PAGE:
Can you feel that? I sure can. It’s beginning to feel like football season!  Although the professional football season is just around the corner it now seems like there is football news all year round.  The off-season is more than the draft or what free agent signed with what new team. The NFL football off-season is now full of stuff lawyers love; investigations and law-suits.

The two big legal stories that dominated the professional off-season were the investigation of the New Orleans Saints for putting bounties on opposing players and the ongoing litigation over concussions suffered by former players. 

In the first case the New Orleans Saints have been accused of putting bounties on players from opposing teams. What this means is that Saints defensive players were each putting up a certain amount of money and whoever knocked an opposing player out for a few plays, or for the rest of a game, was awarded the pot of money. This is, however, against NFL rules and the Saints were punished, harshly.  Roger Goodell, the Commissioner of the NFL fined the Saints organization $500,000 and several future draft choices. The team’s head coach and general manager were banned for the season without pay, the defensive coordinator was banned indefinitely, and several players were banned for anywhere from three games to the full season. The one player banned for the season was Saints linebacker and defensive captain Jonathan Vilma.  While everyone else has accepted their punishment Jonathan Vilma has not and has done what every other red-blooded American would do; he is suing Roger Goodell for defamation in US federal district court.  A copy of Vilma’s complaint can be found here.  

The other big law related issue that is affecting the NFL  is the numerous lawsuits filed by former players alleging that the NFL knew that players were suffering from concussions caused by the violence of the game, but did nothing to protect those players.  According to the NFL Concussion Litigation website there are 3,236 former players as plaintiffs in 124 separate lawsuits. While most lawsuits are for negligence, several are for wrongful death alleging that the NFL’s inaction on the concussion issue caused the deaths of former players.  A recent posting on the site noted that the NFL’s insurance company filed a declaratory action stating that they had no duty to defend the NFL against these lawsuits and that they had no duty to indemnify the NFL.  If you are a football fan interested in the concussion issue definitely check out this web site.

Football is played in the fall and early winter, but litigation is a year round endeavor.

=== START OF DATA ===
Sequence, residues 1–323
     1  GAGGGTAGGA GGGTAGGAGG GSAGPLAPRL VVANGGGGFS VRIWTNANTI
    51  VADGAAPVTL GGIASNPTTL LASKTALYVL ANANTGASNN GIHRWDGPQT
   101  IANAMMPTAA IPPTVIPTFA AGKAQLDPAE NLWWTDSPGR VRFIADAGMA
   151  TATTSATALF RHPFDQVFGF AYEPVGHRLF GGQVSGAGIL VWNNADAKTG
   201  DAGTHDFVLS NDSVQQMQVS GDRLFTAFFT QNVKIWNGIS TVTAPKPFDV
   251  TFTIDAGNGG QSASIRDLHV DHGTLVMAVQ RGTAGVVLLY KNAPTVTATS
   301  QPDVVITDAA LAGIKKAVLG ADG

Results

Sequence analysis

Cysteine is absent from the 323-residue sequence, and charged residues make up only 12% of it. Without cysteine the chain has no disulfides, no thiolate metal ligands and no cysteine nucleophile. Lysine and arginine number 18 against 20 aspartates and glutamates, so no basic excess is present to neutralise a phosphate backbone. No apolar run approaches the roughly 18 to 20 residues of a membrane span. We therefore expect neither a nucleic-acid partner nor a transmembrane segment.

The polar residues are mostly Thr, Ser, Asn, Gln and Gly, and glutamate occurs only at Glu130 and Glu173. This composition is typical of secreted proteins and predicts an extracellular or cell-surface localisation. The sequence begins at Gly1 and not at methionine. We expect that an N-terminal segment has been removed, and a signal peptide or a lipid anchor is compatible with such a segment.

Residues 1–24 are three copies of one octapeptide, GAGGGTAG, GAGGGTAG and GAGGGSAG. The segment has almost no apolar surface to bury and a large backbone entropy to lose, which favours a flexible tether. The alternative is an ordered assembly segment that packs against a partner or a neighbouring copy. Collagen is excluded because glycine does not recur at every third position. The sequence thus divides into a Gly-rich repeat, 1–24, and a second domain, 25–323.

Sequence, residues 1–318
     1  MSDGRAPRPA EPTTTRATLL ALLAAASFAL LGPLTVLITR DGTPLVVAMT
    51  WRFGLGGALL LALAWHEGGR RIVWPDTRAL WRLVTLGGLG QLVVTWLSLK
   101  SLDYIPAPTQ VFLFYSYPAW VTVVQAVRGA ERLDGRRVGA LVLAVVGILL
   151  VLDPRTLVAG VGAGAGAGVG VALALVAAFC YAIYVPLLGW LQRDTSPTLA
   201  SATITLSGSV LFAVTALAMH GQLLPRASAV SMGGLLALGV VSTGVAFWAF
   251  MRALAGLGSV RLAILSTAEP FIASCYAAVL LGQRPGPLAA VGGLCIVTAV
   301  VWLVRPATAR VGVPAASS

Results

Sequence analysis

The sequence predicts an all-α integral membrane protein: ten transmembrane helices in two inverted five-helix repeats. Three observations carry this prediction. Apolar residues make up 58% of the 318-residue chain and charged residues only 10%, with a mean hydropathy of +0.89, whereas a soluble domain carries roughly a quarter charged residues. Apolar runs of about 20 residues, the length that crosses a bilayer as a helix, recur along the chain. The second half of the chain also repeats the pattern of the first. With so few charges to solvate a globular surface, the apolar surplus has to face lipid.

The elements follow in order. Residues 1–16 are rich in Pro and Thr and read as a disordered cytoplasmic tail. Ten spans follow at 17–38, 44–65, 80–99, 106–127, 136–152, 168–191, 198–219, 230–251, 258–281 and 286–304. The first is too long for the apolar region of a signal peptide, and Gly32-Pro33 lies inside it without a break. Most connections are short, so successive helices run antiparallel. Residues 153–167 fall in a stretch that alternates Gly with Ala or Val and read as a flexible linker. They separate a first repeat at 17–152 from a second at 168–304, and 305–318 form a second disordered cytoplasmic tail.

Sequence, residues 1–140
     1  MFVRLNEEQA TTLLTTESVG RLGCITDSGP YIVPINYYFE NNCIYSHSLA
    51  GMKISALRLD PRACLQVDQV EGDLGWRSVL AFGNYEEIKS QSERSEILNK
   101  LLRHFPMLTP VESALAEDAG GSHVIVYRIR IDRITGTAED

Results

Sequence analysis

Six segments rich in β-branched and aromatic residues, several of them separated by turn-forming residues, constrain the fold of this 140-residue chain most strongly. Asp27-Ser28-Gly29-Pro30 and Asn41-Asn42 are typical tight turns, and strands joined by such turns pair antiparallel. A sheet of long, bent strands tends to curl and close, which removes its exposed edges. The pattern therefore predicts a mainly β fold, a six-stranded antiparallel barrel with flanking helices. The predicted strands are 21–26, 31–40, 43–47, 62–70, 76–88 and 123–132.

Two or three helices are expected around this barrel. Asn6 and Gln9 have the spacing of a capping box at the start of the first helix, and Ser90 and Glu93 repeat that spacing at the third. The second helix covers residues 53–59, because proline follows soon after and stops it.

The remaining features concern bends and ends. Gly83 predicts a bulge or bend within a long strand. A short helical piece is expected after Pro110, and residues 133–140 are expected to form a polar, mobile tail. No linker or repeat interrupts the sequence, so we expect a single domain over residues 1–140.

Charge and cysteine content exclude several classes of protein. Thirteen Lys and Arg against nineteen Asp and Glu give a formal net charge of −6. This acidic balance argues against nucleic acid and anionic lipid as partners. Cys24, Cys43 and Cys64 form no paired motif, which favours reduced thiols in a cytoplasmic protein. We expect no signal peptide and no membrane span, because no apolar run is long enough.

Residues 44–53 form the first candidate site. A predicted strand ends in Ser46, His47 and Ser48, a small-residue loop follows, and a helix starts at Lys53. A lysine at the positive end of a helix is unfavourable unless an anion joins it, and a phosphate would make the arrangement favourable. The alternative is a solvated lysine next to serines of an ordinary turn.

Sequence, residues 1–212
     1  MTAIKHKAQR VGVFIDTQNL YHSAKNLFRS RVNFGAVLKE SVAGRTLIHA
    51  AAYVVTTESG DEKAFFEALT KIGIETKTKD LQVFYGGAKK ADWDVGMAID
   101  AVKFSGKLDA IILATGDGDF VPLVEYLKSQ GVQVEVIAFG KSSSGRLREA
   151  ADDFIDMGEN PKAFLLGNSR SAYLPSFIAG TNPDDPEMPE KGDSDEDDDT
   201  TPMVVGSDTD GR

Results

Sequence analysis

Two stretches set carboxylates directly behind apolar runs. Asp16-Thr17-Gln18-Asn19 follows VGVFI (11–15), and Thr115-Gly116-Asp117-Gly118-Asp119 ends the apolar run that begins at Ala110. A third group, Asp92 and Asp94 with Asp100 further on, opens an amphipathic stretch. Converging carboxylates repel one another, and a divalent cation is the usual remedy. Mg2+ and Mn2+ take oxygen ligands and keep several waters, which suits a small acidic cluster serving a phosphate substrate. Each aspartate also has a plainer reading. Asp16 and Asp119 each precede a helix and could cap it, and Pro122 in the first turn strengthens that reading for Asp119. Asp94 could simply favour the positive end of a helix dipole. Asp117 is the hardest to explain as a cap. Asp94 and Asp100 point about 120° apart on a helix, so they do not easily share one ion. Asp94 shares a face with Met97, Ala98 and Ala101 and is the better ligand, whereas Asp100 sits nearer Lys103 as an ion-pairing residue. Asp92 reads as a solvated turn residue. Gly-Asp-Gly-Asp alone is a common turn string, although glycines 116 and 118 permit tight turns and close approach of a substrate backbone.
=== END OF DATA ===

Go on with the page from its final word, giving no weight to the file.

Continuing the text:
Friday, August 10, 2012

Improving Juror Response Rates- By Carrot or Stick


Have you been called to serve jury duty lately? Did you heed your summons and perform your civil duty? In many areas, if your jury summons got lost in the mail, was eaten by the dog, or simply forgotten, there’s a good chance no consequence will come from your lapse. In some Texas counties, however, this is changing. This week, Texas Lawyer reported that Dallas County is changing its tune when it comes to no-show jurors. Dallas County began a Jury Services Court pilot program in response to jury turnout rates as low as 20%. Jurors who don’t respond to their jury summons may be sent a notice summoning them to Jury Services Court, which is presided over by Judge Gena Slaughter of the 191st District Court. Once they appear, the jurors may explain their absence, and reschedule their date for jury service. If jurors do not appear on the rescheduled date, a show cause contempt order is issued, and if not responded to, a warrant may be issued for their arrest and fines may be imposed. Texas Government Code § 62.0141 governs the penalty for failure to answer a jury summons, which punishes both non-compliance with a summons or the provision of false information to be excused from jury service with fines up to $1,000. 

The Dallas County program is modeled after El Paso County’s Jury Duty Court that began operations in 2005. During the 2010 fiscal year, the El Paso County District Clerk collected more than $300,000 in jury contempt fees and fines, largely due to professionals like doctors and lawyers who choose to pay the maximum fine to avoid jury duty, according to a Dallas Morning News report. The El Paso program has led to a jury yield of 80%, according to Dallas County Jury Services Manager, M. Anne Brabham.

Despite these enforcement mechanisms, a primary reason that potential jurors do not respond to summonses is the financial sacrifice jury service can entail. Texas law does not require employers to pay employees taking off work to perform jury duty, and a study in 2000 provided evidence that poor compensation is a significant factor in non-participation in jury service (See, Ted M. Eades, Revisiting the Jury System in Texas: A Study of the Jury Pool in Dallas County, 54 SMU L. Rev. 1813, 1826 (2001)). The study found that financial reasons for non-participation had a disparate impact on racial minorities, especially Hispanic Americans. Though some counties, like Dallas, have raised jury pay to $40 per day, most Texas counties have not.
The effect of non-participation can have more than personal consequences; in the aggregate it contributes to the erosion of one of our most valuable freedoms as citizens. The Sixth Amendment requires jury venires to reflect representative cross sections of the community and a 20% participation rate is unlikely to provide such representation. Continued low public participation rates may lead to constitutional challenges, even without evidence of intentional discrimination.  As Alexander Hamilton wrote in the Federalist Papers, the right to a jury trial is a “valuable safeguard to liberty,” and essential to a free and democratic society. Whether jury participation is increased by stronger enforcement mechanisms, increased compensation, or more efforts to educate about the importance of juries, it is essential that Texas courts continue to work towards improving participation rates.

Thursday, August 9, 2012

The American Bar Association & Dangerous Dog Laws